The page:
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A Rejoinder to the Comment by Stewardson et al. (2021) to the published article by Colloff et al. (2021) that were published in the Australasian Journal of Water Resources.




Colloff, Matthew
Grafton, Quentin
Williams, John

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The Australian National University


This is a rejoinder to Stewardson et al. ‘The politicisation of science in the Murray–Darling Basin, Australia: discussion of ‘Scientific integrity, public policy and water governance’’ published online in the Australasian Journal of Water Resources (AJWR) on 29th October 2021. Stewardson et al. (2021) was a Comment to an earlier published article by Colloff, Grafton and Williams, ‘Scientific integrity, public policy and water governance in the Murray-Darling Basin, Australia’ published online in the AJWR on 26th April 2021. The paper by Colloff et al. (2021) focused on scientific integrity and was triggered by ‘An open letter from scientists on the Murray–Darling Basin’ - published on 19th July 2019 (Vertessy et al. 2019a). The 27 signatories to the Open Letter (see Vertessy et al. 2019a) were ostensibly responding to a television programme entitled ‘Cash Splash’ (ABC 2019), broadcast on 8th July 2021 and produced by the Four Corners team of the Australian Broadcasting Corporation (ABC). Of the 23 original signatories to the letter, 17 are co-authors of the paper by Stewardson et al. (2021). To contextualise this rejoinder, Colloff, Grafton and Williams have each undertaken research on the science and policy of water reform and management over many years, as their publication records attest (see, for example, Grafton et al. (2020) ‘Confronting a ‘post-truth water world’: facts versus fiction in the Murray-Darling Basin, Australia.’ Water Alternatives 13(1), 1–28). Further, they have always promoted open, evidence-based debate, dialogue, and interactions with policy- and decision-makers in Federal and State governments and their agencies. Colloff, Grafton and Williams have also supported the development of a range of policy options, not just within current policy settings, for the sustainable use of water resources in the Murray–Darling Basin. Over many years, their interactions have included briefings and face-to-face dialogue with State and Federal Ministers, parliamentarians, members of the media, senior public servants, community groups, academic and public audiences, as well as submissions to multiple parliamentary and public inquiries.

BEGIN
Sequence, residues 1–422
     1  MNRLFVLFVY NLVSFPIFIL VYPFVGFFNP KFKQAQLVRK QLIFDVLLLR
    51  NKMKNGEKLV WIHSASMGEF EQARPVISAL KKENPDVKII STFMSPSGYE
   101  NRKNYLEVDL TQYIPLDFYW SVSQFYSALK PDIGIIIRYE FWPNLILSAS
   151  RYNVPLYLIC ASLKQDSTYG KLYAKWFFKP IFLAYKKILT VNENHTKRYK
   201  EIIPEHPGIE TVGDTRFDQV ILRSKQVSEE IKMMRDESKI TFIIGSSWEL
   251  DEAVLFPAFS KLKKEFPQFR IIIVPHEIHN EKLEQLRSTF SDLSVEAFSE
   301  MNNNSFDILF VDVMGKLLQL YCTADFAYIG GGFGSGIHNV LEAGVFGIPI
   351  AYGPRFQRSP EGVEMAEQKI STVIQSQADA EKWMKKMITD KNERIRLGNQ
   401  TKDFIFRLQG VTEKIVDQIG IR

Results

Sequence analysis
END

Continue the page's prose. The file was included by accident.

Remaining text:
Murray–Darling Basin, water, water governance





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Open Access

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